First Eagle - Japan Commentary
On December 26, 2012, Shinzo Abe was elected Prime Minister of Japan for the second time. His election platform consisted of monetary, fiscal, and trade-friendly measures to restore Japan's economy to a growth track. In reaction to his election, the yen has declined dramatically while generally stock prices have risen strongly.
The appointment of Haruhiko Kuroda as central bank governor in March of 2013 is perhaps the most controversial of these measures to date. Later confirmed by parliament, Kuroda quickly announced highly unusual and aggressive programs in an effort to reach the government's goal of 2% inflation. These programs include a doubling of the monetary base, an expansion of the government bond purchase program to include longer-term maturities and the purchase of Japanese equity ETFs and REITs. While the immediate effect of these policy announcements has been a weakening of the yen exchange rate, the outright purchase of ETFs and REITs is meant to inflate asset prices and, by effect, induce spending by households (the so-called "wealth effect"), very similar to the asset support policies in place in the United States. While First Eagle's investment approach is bottom-up by nature, we do find significance in certain macro changes. The potential monetary, fiscal and political changes in Japan certainly qualify.
In the first quarter of 2013, the yen weakened against the dollar by 8.6%.1 This has been the major factor driving the sharp increase in the share prices of Japan's export-oriented companies. As of March 31st, this type of company makes up roughly half of the Japanese exposure in the First Eagle Global and Overseas Funds. Partially offsetting the gains, however, has been the decline in the yen exchange rate. In fact, although the Topix Index rose 21% in 2013's first quarter, the U.S. dollar gain amounted to 11%.2
Despite the steep increases in share prices, based on book value, the market may still appear cheap. Half of all Japanese stocks trade below book value. This is comparable to Greece. In the United States, only 12% of companies trade at such a low figure.3
It is important to note that based on this metric current valuations may be justified. With decades of low interest rates, low growth and lack of reinvestment opportunities, generally Japanese companies often have very low returns-on-equity and heavily over-capitalized balance sheets.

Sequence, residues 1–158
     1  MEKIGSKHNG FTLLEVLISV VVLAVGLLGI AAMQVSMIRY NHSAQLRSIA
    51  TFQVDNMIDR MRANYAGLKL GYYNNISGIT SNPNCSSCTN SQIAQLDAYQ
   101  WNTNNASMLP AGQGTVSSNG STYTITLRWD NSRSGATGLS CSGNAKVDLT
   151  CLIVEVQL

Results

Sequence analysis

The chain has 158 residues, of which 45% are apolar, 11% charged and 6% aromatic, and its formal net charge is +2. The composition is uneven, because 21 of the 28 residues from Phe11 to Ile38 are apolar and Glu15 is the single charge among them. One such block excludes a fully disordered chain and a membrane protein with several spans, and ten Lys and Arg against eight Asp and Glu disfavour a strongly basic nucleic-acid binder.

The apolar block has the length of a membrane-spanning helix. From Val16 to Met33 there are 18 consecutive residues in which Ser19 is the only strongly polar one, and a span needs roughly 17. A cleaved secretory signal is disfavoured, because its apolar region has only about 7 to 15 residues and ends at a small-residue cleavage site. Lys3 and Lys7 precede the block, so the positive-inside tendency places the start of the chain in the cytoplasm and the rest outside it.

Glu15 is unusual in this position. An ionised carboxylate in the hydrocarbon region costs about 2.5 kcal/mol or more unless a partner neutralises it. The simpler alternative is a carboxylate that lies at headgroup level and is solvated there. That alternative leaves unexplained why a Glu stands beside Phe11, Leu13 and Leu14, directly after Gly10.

Furthermore, despite the sudden shift in sentiment towards Japan, challenges remain. For example, net government debt is very high, at over 130% of GDP.4 This debt is serviceable only because interest rates in Japan remain very low due to the ability of the Japanese government to finance itself through domestic savings. Importantly, questions have arisen recently as to the sustainability of internally financed Japanese deficits.
The population is also aging with almost a quarter of the population over the age of 65. This is among the world's highest percentage of aging citizens and double the proportion 20 years ago. This demographic trend, unless rebalanced by birth rate or immigration, will mean that the population would be 25% smaller by 2050,5 implying serious headwinds for growth.
Finally, and some assume partly due to demographics, deflation has been a systemic condition for most of the past decade. As much of the population is aging, and likely benefits from static prices, it is still questionable whether policy shifts to encourage price increases will be tolerated by the voting masses in the long term.
There are very strong headwinds facing Japan's economy and its equity markets over time. Although aggressive monetary action has clearly succeeded in raising asset prices in the short term, long term sustainability of these positive trends likely requires a wellrounded approach, that includes market-friendly fiscal and trade policy shifts – and, of course, a willing population.
So, if Japan can sustain its policy shift, if the authorities follow through on growth-friendly fiscal and trade policies, and if the population can withstand the initial shock of price increases, then perhaps business values can grow, investors will return and one of the most impressive bear markets in recent history might end.
At First Eagle, we do not attempt to predict the future. Our focus continues to be seeking to identify quality businesses priced at what we believe to be a discount to their intrinsic values. We are global, bottom-up value investors and do not make decisions based solely on a macro view about a particular geography. Nonetheless, a notable portion of our Global and Overseas Funds' holdings are located in Japan and the fundamentals of these businesses may be influenced by the significant changes underway in Japan. As a result, we wanted to share our thoughts about the current economic environment in the country.
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The commentary represents the opinion of Abhay Deshpande as of May 2013 and is subject to change based on market and other conditions. The opinions expressed are not necessarily those of the firm.These materials are provided for informational purpose only. These opinions are not intended to be a forecast of future events, a guarantee of future results, or investment advice.Any statistics contained herein have been obtained from sources believed to be reliable, but the accuracy of this information cannot be guaranteed.The views expressed herein may change at any time subsequent to the date of issue hereof.The information provided is not to be construed as a recommendation or an offer to buy or sell or the solicitation of an offer to buy or sell any fund or security.
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